Last Sunday, on the 5th of October 2020, a young Jewish student coming out of a synagogue in Hamburg was attacked by a man wearing army fatigues. He was carrying a shovel with him, which was used in the antisemitic attack. This came less than a year from another antisemitic attack in the eastern city of Halle.
The perpetrator in the latest attack was arrested and a piece of paper with a Swastika was found in his pocket. Whilst details of the perpetrator have not been released, the attack looks to be inspired by far right extremist ideology.
Over the last decade, the sharp rise use of social media platforms has led to the spread of such virulent ideas, particularly between 2010-2015 when social media platforms did little to remove antisemitic and anti-Muslim hate, including some of the most aggressive forms of racist and anti-Roma hate online. These forms of ideology have now simply moved to other platforms and ‘pandora’ has been let of out of the box. Putting her back in, is a monumental task that will take decades of work that will see such hate mutate and adapt into various forms. There are difficult times ahead.
We within Muslims Against Antisemitism have repeatedly said that antisemitism is a hatred that British Muslims must challenge since it is a joint threat against both Jews and Muslims. Antisemitism is an indicator, a form of a weather vane, telling us all when something terribly wrong is happening in society and when diverse communities are under threat. It also should form the moral compass by which we activate, mobilise and build allies to counter those who seek to dehumanise Jewish and diverse communities.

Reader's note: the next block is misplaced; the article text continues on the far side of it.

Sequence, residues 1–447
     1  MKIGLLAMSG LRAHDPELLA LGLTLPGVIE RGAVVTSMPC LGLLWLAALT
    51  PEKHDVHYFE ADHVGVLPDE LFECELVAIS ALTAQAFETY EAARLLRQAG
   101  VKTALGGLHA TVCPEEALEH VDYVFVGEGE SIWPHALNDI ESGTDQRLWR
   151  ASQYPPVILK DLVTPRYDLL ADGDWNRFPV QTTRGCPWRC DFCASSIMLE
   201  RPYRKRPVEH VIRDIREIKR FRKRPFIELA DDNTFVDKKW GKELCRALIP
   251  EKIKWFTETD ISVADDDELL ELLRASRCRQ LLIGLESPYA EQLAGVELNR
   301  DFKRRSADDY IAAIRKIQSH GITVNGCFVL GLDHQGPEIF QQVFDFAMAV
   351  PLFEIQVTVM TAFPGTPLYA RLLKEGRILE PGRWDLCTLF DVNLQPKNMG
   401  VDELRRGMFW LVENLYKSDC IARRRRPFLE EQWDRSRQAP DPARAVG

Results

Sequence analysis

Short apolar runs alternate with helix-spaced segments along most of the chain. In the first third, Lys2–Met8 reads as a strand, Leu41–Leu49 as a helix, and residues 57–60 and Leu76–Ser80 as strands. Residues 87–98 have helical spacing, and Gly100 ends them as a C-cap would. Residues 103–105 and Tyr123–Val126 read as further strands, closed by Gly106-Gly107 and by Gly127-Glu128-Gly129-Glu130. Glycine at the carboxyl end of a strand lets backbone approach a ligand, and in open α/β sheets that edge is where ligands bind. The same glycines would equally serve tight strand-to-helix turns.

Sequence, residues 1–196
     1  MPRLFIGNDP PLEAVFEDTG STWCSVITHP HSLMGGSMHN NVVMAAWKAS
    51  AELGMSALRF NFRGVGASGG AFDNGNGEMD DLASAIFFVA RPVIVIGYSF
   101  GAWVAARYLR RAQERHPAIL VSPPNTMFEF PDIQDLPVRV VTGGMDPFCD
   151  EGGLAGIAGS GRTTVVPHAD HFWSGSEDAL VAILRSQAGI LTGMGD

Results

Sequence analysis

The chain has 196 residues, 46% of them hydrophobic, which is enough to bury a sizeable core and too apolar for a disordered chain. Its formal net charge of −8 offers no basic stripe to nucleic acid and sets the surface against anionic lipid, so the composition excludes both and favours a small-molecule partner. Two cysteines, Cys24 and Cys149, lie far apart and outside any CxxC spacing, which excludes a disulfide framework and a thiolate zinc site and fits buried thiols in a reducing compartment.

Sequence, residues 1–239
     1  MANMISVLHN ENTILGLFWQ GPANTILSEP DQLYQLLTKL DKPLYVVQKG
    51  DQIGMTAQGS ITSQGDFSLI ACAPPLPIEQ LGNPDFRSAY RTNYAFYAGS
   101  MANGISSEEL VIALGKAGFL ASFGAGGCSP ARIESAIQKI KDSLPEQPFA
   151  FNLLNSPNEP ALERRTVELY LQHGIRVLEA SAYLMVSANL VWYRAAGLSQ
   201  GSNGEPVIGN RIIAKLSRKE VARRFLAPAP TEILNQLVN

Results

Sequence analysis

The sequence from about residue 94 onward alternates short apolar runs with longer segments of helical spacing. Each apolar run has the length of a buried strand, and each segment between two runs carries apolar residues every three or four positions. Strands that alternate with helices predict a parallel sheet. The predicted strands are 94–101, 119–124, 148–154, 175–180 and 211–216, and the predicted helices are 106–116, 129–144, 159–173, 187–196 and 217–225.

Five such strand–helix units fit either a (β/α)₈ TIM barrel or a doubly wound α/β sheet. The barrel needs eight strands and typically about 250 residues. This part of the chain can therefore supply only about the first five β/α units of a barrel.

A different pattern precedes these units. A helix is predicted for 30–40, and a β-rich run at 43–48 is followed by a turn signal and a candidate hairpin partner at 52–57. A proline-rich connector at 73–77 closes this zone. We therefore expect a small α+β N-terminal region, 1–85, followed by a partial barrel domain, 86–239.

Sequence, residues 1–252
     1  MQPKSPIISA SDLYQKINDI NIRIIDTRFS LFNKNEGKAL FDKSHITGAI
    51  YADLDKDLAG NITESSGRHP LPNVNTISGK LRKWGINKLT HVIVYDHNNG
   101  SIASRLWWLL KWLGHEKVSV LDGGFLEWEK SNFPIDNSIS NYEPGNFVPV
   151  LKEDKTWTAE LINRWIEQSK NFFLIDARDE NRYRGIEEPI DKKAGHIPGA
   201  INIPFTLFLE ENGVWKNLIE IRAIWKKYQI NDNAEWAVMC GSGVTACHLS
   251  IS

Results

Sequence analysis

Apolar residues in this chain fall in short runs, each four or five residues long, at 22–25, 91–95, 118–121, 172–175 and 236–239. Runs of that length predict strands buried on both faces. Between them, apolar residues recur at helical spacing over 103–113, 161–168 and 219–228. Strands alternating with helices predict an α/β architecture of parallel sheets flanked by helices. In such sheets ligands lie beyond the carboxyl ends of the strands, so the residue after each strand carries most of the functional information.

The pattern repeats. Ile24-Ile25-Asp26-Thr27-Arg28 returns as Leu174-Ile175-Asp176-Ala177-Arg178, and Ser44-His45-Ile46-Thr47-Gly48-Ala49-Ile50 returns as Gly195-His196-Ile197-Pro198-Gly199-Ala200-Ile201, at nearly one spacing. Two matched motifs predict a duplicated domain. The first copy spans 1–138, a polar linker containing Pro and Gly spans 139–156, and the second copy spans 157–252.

Right now, some countries in Europe are looking inwards and their politicians are using the language of fear to instill a form of ethno-nationalism in their populations. This populism is growing, creating fertile ground for conspiracy theories and with these theories comes the hate of Jewish and Muslim communities. Which is why, more than ever, antisemitism is a threat that needs us all to vigorously challenge and counter.
We are moving into a difficult time, which is why we within Muslims Against Antisemitism, stand tall with allies in this struggle to defend our identities and our futures.
Read more: MAAS (Muslims Against Antisemitism) statement on Twitter’s failings to address antisemitic abuse